Atiku, Odili, Na’Abba — the political careers Obasanjo killed ~ Fredrick Nwabufo
Olusegun Obasanjo is a defining personality in Nigeria’s politics. For decades he has hovered like a wraith over the political cumulus. He is one of the many Nigerian leaders who have profited prodigiously from the country’s undertaking, and he has lived a lifetime on the Nigerian privilege.
Fate handed Obasanjo the brick and mortar to set Nigeria on a fine-grained foundation in 1999 – after years of military vandalism. But did he saddle up to the importunities of destiny? Well, I believe we may not be on the current trajectory as a country if Obasanjo had applied his luck judiciously. He had the chance to redefine the course of our history – even though I admit it was not all up to him – he represented an interest.
Obasanjo’s administration was like a reprise of the military era. Political assassination, a burdensome baggage of the military epoch, was rife under Obasanjo. To date, there is still no piece to the puzzle in the murder of Bola Ige and Harry Marshall – and some other politically-linked killings across the country during Obasanjo’s presidency. It was due to the ineffaceable enormity of the bloodletting that the Northern Elders Forum and the Arewa Consultative Forum asked Goodluck Jonathan to prosecute Obasanjo in 2013.
We cannot excise this chapter from our political history. It remains an eternal blot on the former president. There were also incidences where Obasanjo was summary and borderline ruthless in execution. The cases of Odi and Zaki Biam where the former president dispatched troops on a murderous mission are still a talking point. Really, I found it fiendish when Obasanjo accused President Muhammadu Buhari of tyranny while he himself had trafficked in raw autocracy.
Corruption and pursuit of vendetta were also the hallmark of the Obasanjo administration. The sale of public assets was heavily governed by insular interest. In fact, the preliminaries of the current wobbly state of the power sector were by the failed performance of that administration. The Obasanjo government reportedly cast $16 billion into the power black-hole – not one living light-bulb to show for it.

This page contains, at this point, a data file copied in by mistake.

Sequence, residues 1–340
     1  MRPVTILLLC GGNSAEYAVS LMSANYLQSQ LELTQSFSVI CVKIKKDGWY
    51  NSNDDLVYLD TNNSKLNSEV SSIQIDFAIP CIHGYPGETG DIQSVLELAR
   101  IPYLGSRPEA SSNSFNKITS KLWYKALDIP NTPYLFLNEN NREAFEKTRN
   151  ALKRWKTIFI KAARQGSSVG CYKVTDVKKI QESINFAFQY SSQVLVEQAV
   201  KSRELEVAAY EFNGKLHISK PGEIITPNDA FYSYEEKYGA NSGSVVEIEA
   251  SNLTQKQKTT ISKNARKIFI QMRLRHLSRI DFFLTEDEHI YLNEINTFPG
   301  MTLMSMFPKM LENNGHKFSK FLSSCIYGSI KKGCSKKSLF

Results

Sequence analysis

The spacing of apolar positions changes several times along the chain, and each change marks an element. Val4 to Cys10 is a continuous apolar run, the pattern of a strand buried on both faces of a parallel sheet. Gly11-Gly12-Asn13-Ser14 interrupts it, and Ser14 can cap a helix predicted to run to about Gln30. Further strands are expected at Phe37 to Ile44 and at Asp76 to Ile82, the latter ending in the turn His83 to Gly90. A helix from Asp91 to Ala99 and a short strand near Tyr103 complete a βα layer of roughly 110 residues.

Testifying before the senate ad hoc committee investigating the privatisation of government businesses from 1999, in April 2011, Nasir el-Rufai, who was the director-general of the Bureau of Public Enterprises (BPE) under Obasanjo, said the former president and Atiku Abubakar, his deputy, influenced the sale of public companies to their associates who did not have the wherewithal to buy them. He said the failure of the exercise was largely due to ‘’government interference’’.
“The president and I were always quarrelling over issues of privatisation. Each time I told him we have a process … that they should advise their friends to be the highest bidder,” el-Rufai said to the panel.
Perhaps, where Obasanjo chalked up notoriety is in his pursuit of vendetta. The former president is a known ‘’grudgist’’. He spares no foe – even in death. His grating ‘’condolence’’ letter on the death of Buruji Kashamu whom he knocked posthumously is the classic ‘’Obasanjo the vengeful’’. He said the late ex-senator, who was wanted in the US for alleged drug dealing, escaped justice but could not evade the sceptre of death.
I do not spar with Obasanjo over his judgment on the deceased. Hagiography is not the best way to send off any departed. Our deeds live on long after we have checked out of this plane. But I am only concerned about Obasanjo’s duplicity. His government gave evidence in the drug-dealing case against Kashamu in the UK, securing his release. And the late politician was Obasanjo’s ally until a bitter divorce owing to divergences in Ogun politics.
And while the comradeship subsisted, Obasanjo exalted Kashamu above iniquity in one of the Omo Ilu Foundation programmes of the deceased in Ogun. ‘’We appreciate all your good work. God will bless you for your good deeds,’’ he said at the event.
In his pursuit of vengeance, Obasanjo ‘’retired’’ some politicians who stood in the way of his ambition. He varied with Peter Odili, former Rivers state governor, who was angling to be Umaru Musa Yar’Adua’s deputy. Obasanjo preferred Jonathan – for ‘’certain reasons’’. He thwarted the mission of Odili and encumbered him with a corruption case. The Ikwere politician procured a ‘’perpetual injunction’’ to save himself.
Also, the former president exerted himself dismantling whatever reputation Atiku Abubakar, his deputy, who challenged his second-term bid, had. He summarily costumed Atiku in a corruption garb which haunts the political future of the former vice-president to date. Obasanjo checked Ghali Umar Na’Abba, former speaker of the house of representatives, and Chibudom Nwuche, his deputy, out of politics after they initiated impeachment proceedings against him. He was deft in making sure they did not return to the house in 2003.
I must add, Obasanjo was able to alter the political progression of these men because their closet was not dirt-free.
Obasanjo admitted he made some mistakes, but he said they were ‘’genuine’’ omissions. “I never say that we didn’t make mistake or we are perfect, but whatever mistake we made was a genuine mistake. It wasn’t a mistake we made as a result of selfishness,” he told the Point Newspaper in an interview in July 2020.
I think, whether the mistakes were ‘’genuine’’ or not, history will be as dispassionate and grating on Obasanjo as he has been on others.